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Guest Opinions

Sand County Foundation Proud of Wyo Partnership, Conservation Success Stories

Written by Guest Editorial
    From the heights of the Wind Rivers to the expanses of the High Plains, Wyoming ranchers continue to produce not only high quality livestock, but also conservation. Sand County Foundation, through its Leopold Conservation Award, strives to highlight the conservation efforts put forth by leading agricultural producers across the country. All too often ranchers and farmers are criticized as abusers of the land rather than praised as conservationists who continually seek to make conservation improvements.
    Private landowners combine environmental sustainability with economic success.  They are the engines that drive modern conservation improvement. There is no shortage of these landowners in Wyoming, which makes us excited and proud to be heading into a fourth consecutive, successful year in our partnership with EnCana Oil & Gas USA and Wyoming Stock Growers Association as part of the Environmental Stewardship Award Program.  We present the Leopold Conservation Award to Wyoming individuals and families who demonstrate enduring and outstanding conservation leadership. These people have made decisions, often difficult, to incorporate conservation into their operations out of their own personal sense of right and wrong.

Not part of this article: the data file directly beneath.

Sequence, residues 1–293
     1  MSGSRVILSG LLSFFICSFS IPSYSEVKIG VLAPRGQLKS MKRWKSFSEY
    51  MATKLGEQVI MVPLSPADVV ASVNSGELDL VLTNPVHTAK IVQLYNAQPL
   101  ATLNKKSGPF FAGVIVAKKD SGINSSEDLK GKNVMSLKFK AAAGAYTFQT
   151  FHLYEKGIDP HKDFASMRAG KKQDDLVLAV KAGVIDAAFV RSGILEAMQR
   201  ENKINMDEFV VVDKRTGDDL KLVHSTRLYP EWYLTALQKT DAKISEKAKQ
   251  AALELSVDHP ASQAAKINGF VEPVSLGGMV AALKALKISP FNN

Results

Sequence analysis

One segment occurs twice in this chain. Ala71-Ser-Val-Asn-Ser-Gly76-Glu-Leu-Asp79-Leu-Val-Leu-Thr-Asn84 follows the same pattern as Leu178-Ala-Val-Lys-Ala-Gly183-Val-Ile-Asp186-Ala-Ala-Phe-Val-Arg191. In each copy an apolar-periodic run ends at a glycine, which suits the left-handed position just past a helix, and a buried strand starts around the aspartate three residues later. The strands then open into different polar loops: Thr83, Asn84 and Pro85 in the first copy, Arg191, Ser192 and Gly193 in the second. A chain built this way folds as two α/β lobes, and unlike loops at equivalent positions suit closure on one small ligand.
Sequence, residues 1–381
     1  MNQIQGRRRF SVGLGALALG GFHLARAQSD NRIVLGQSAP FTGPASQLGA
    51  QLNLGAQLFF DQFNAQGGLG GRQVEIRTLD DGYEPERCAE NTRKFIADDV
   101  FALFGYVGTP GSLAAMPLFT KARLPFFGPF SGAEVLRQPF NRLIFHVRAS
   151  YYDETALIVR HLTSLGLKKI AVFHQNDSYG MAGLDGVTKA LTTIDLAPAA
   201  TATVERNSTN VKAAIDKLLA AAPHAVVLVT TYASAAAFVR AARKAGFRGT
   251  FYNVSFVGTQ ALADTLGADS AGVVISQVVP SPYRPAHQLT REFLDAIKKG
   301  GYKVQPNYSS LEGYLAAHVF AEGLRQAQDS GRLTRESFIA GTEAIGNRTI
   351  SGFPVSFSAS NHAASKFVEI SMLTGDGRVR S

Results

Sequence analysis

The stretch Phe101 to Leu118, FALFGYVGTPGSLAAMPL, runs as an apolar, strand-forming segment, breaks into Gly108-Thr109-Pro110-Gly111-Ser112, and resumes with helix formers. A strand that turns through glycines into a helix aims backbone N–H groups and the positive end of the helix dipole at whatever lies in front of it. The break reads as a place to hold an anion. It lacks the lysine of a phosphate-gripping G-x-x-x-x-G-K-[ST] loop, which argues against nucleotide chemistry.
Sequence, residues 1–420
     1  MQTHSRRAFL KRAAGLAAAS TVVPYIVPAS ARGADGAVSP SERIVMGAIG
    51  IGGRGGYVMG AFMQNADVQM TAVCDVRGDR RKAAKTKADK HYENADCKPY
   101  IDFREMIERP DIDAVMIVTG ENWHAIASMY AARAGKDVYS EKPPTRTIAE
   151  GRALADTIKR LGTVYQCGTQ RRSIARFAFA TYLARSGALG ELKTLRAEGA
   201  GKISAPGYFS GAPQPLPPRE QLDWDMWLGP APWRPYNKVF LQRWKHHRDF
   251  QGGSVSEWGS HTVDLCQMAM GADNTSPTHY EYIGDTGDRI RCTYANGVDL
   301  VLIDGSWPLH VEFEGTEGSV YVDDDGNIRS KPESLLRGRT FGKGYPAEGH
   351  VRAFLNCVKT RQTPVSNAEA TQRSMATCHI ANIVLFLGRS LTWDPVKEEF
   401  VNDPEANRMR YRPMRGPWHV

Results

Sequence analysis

Aldo Leopold wrote, “Conservation is a state of harmony between men and land.” He believed that farmers and ranchers were best suited to understand how to nurture the land that gives so much back to them. His perspective is as important today as it was during the 1930s and 1940s. Agricultural lands are in danger of encroaching development and need to be managed for profit and conservation achievement. One simply needs to look at the three previous winners of the Leopold Conservation Award in Wyoming to realize that improvements to grassland, water quality and wildlife habitat can, indeed, go hand in hand with a successful ranching business. These agricultural producers are a credit to themselves and a lesson to be learned elsewhere in the state and nation.